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Super Scrambles Paddle Tournament Called Off After Organizing Committee Resigns PDF Print Email


Nov. 13, 2013:  For the first time in 40 years, to the surprise and confusion of paddle tennis players in Bronxville, there was no Super Scrambles to kick off the new paddle tennis season.

"We don't know what's going on, and it's sad," said avid player Allison Devlin. "It's really disheartening. Paddle tennis has been, quite literally, my social life for seven months of the year."

All five members of the long-standing volunteer paddle tennis committee resigned after its president, Kevin Dillon, received a letter from the village expressing concern over revenues generated by the program, the proper monitoring of permits, and the low number of village residents who use the courts. The letter also called for trustee approval of the roster of committee members.

Committee members felt the letter took an unnecessarily accusatory tone. According to Dillon, the letter faulted the committee for causing the concerns raised.

Trustee Guy Longobardo stated that he and Mayor Mary Marvin asked the paddle tennis committee members to continue to serve but believes there was dissatisfaction among the members after they requested a committee roster to approve.

Longobardo explained that, since the paddle tennis facility is a village asset, officials are accountable to the state for identifying individuals who allocate the courts and hold tournaments there.

"The letter came out of the blue," said Lynn Joyce, a 40-year member of the committee, which has organized and run the paddle tennis program at the village's four courts on Paxton Street. "People don’t even know what happened. That's the sad part."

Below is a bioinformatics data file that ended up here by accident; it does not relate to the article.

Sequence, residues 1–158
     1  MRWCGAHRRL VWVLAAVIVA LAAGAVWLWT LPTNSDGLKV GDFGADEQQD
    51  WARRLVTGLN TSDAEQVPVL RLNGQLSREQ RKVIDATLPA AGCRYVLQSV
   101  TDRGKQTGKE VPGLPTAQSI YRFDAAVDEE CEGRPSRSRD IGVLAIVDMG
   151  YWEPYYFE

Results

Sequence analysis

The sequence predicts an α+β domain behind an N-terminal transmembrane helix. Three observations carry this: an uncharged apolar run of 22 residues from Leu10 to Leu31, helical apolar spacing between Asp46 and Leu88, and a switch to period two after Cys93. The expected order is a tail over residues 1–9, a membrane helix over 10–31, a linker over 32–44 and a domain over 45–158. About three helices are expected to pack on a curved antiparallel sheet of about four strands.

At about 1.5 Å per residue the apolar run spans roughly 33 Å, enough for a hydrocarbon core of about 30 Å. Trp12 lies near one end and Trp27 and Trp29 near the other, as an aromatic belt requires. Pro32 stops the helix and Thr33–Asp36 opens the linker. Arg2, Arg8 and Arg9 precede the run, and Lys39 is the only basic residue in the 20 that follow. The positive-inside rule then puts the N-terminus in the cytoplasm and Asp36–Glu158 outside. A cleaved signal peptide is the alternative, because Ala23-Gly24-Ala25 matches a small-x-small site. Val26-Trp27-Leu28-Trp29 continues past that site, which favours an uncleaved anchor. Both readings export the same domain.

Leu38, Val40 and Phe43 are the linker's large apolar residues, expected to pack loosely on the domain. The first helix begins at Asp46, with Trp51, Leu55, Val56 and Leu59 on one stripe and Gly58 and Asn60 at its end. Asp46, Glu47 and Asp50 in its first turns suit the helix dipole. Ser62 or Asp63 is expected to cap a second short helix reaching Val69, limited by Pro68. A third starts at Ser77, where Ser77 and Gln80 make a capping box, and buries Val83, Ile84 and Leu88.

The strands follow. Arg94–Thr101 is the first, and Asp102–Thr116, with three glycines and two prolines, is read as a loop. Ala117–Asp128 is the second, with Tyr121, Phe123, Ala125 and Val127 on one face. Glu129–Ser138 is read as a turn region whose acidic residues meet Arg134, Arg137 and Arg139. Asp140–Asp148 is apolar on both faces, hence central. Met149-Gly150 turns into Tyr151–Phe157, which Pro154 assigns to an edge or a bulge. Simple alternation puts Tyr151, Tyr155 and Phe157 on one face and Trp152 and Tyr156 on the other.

Dillon stated that, if village officials had verbalized their concerns about the program and explained that the roster of approved members represented a matter of compliance with New York State law, the committee would have been happy to comply. He also said that committee members were willing to correct any issues village officials had with their operation of the courts.

Joyce said that members made nightly trips to the courts over several weeks when notified that a significant percentage of players in a Tuesday evening league did not have proper permits. They monitored permits and either collected fees or denied access to players who did not comply.

"Never once was working together to solve the problems brought out," Dillon noted. He added that, when he asked officials about the village's vision for the paddle tennis courts, they didn't seem to have one.

Longobardo pointed out that the village's paddle tennis program has consistently lost money over the past five years, if not longer. The losses have ranged from $8,000 to a $15,000 loss in 2009-2010.

"The village, because we're already subsidizing court usage because of the losses, wants to increase resident usage of the facility," Longobardo said. He estimated that twice as many non-residents as residents use the facility. The village has changed the fee structure to encourage more residents to join. Under the new structure, a resident family can join for $150 per year, as opposed to the former rate of $200. A non-resident family will pay $300 annually, as opposed to the former rate of $225.